PerspectivePlant Biology

Complex regulation of plant sex by peptides

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Science  22 Dec 2017:
Vol. 358, Issue 6370, pp. 1544-1545
DOI: 10.1126/science.aar4190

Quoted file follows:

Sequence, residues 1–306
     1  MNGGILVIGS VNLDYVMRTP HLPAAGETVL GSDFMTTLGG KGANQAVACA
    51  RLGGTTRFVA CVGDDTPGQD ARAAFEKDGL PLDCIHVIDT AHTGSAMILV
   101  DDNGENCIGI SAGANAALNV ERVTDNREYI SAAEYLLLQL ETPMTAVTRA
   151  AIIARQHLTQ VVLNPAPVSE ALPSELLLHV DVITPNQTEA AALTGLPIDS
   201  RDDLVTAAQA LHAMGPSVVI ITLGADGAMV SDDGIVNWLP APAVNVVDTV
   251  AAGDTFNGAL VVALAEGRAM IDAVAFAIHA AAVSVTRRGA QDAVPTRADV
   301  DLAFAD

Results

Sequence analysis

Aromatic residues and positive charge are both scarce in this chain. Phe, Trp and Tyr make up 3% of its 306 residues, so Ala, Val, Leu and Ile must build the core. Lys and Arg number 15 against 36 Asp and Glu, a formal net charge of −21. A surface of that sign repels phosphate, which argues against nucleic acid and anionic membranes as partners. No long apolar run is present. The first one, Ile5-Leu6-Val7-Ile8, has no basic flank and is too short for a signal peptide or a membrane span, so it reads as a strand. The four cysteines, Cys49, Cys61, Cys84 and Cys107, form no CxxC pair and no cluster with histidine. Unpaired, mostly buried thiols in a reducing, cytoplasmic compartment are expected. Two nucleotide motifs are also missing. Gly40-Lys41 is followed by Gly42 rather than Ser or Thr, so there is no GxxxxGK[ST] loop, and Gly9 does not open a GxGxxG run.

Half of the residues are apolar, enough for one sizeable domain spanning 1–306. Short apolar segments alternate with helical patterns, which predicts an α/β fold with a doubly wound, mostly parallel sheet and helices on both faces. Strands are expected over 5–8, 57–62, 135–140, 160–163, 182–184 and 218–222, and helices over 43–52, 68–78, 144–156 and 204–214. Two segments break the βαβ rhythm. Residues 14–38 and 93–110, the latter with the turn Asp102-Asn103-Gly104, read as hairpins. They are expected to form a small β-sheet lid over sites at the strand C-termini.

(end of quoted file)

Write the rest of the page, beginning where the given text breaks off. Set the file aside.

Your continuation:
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Most of our food—whether fruit or grain—is the direct result of flowering plant fertilization. As this also underlies the transmission of genetic information over generations, it is essential to understand the molecular events controlling plant reproduction. During fertilization, pollen (the male gametophyte, or reproductive cell) forms a pollen tube which is guided toward the ovule (the female gametophyte), where, upon bursting, it will deliver its sperm cells (1). All steps—from the perception of compatible pollens by the flower pistil (the female reproductive organ) to pollen tube growth, guidance and, ultimately, rupture—are controlled by a complex molecular dialogue involving numerous plant receptor kinases and endogenous signaling molecules, including secreted peptides (2). On pages 1596 and 1600 of this issue, Ge et al. (3) and Mecchia et al. (4), respectively, characterize signaling events between the male and female gametophytes, which offer exciting insights into the molecular mechanisms controlling plant fertilization and seed setting.

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